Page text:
|RESURRECTION OF JESUS CHRIST |
The bodily, living appearance of Jesus of Nazareth after He died and was buried, providing certain hope for resurrection of believers. The Greek term for resurrection, anastasis, literally means, “to stand again.” In the pagan world it was associated with the cycle of nature and the nature gods, or the survival of a “spiritual part” of a person after death. Because of Jesus Christ and His standing up again from the dead, resurrection has come to mean the restoration of the whole self by God who gave life and creates it anew in the heavenly kingdom. New Testament accounts of the resurrection fall into three categories: the empty tomb, appearances of Jesus before His ascension, and appearances of Jesus after His ascension.
The earliest written account of the resurrection of Jesus is
1 Corinthians 15:3-8. Paul emphasized the appearances of the resurrected Christ to His followers. Paul mentioned an appearance to Cephas (compare
Luke 24:34). Then Jesus appeared to the twelve (compare
Luke 24:36-43). The appearance to the five hundred, some of whom had died by the time Paul wrote 1 Corinthians, is supposed by some to refer to the ascension (Acts 1:9-11). The appearance of James is nowhere else recorded. Tradition asserts that this was James the brother of Jesus, the author of the Book of James (see
Acts 15:13). The second appearance to the disciples may be equated with Jesus' presentation of Himself to Thomas a week after the first appearance to the apostles (John 20:24-29). Paul mentioned last the appearance of the ascended Christ to Paul himself, an obvious reference to Saul's conversion experience (Acts 9:1-9).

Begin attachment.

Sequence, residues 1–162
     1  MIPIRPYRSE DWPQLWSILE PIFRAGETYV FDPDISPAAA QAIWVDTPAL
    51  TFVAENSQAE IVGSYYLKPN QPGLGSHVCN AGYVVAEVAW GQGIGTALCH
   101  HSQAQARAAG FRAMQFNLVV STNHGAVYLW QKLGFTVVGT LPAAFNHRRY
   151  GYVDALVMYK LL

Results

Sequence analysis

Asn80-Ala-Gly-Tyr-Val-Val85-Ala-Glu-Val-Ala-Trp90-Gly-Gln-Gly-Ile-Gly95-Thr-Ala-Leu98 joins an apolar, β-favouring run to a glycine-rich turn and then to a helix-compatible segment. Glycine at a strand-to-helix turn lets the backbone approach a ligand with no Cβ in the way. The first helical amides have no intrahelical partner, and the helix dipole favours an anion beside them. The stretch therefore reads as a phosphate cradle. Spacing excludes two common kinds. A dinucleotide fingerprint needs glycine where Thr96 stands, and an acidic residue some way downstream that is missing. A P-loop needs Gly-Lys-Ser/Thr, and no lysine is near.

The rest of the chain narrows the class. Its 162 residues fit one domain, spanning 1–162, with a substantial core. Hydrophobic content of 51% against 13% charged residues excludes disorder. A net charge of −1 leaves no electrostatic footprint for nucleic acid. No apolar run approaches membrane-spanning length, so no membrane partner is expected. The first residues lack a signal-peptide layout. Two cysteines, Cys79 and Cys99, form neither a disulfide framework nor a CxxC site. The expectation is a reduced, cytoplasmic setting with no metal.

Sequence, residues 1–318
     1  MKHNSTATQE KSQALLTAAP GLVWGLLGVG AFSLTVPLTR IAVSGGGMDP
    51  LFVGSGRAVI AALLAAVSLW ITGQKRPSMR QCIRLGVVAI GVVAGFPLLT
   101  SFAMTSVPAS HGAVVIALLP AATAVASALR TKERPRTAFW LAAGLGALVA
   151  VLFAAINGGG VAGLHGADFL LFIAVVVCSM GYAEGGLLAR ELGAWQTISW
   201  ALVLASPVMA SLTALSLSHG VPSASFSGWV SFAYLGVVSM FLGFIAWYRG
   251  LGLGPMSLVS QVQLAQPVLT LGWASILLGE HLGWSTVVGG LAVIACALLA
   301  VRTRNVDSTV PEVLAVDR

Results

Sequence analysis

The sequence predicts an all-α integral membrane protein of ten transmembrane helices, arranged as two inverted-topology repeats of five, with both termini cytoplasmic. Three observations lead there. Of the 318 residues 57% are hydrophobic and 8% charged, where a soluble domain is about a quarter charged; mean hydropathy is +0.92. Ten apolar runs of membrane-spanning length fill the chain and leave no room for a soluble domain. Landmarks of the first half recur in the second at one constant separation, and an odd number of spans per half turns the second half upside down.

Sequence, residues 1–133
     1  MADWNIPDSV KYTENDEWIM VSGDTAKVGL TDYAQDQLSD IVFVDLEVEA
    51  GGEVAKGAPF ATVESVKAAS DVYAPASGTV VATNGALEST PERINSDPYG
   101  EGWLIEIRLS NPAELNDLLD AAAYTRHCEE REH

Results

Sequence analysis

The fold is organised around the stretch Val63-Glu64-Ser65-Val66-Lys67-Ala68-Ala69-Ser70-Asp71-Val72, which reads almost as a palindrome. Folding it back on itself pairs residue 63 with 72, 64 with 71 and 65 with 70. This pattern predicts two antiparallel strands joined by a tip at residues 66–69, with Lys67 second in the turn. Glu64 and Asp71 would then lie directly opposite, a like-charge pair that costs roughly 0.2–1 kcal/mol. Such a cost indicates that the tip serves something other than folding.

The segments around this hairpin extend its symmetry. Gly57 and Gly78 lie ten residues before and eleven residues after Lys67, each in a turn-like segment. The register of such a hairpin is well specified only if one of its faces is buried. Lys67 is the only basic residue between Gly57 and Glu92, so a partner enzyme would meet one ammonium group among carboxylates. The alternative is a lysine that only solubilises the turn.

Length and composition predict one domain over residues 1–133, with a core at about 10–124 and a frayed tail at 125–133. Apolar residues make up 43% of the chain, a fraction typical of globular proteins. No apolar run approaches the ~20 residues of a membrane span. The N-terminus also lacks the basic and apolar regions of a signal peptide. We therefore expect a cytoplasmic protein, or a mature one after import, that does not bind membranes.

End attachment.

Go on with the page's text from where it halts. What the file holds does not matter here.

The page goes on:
Matthew reported that two Marys, Magdalene and the mother of James and Joses (Matthew 28:1-2; see
Matthew 27:56,Matthew 27:61) came to the tomb and witnessed a violent earthquake. The angel who rolled away the stone covering the tomb entrance told the women that Jesus was risen. They were invited to view the empty tomb, then to go and tell the disciples that Jesus was risen and was going to Galilee. Immediately, the resurrected Christ greeted them, urged them not to be afraid, to go and tell the “brothers” that He would meet them in Galilee. The soldiers posted at the tomb reported to their employers, the chief priests, “everything that happened”; and the entire guard was bribed to keep silent. It is not clear whether the soldiers actually saw the resurrected Christ Himself. It is assumed because of the other New Testament accounts that the resurrected Christ appeared only to believers. Matthew's final report of Jesus' resurrection is on a mountain in Galilee to His eleven disciples where He gave them the Great Commission (Matthew 28:16-20).
Mark's account of the resurrection (Matthew 16:1) reports that three women came to the tomb wondering how they would have access to the body in order to use the spices applied to the dead. They discovered the stone rolled away and a young man in white in the tomb. He calmed their fears, told them that Jesus was risen, and that Jesus would meet the disciples in Galilee. The women left bewildered and frightened. The most ancient and reliable manuscripts of Mark end with
Matthew 16:8. The long ending of Mark records several other appearances of Jesus: to Mary Magdalene (see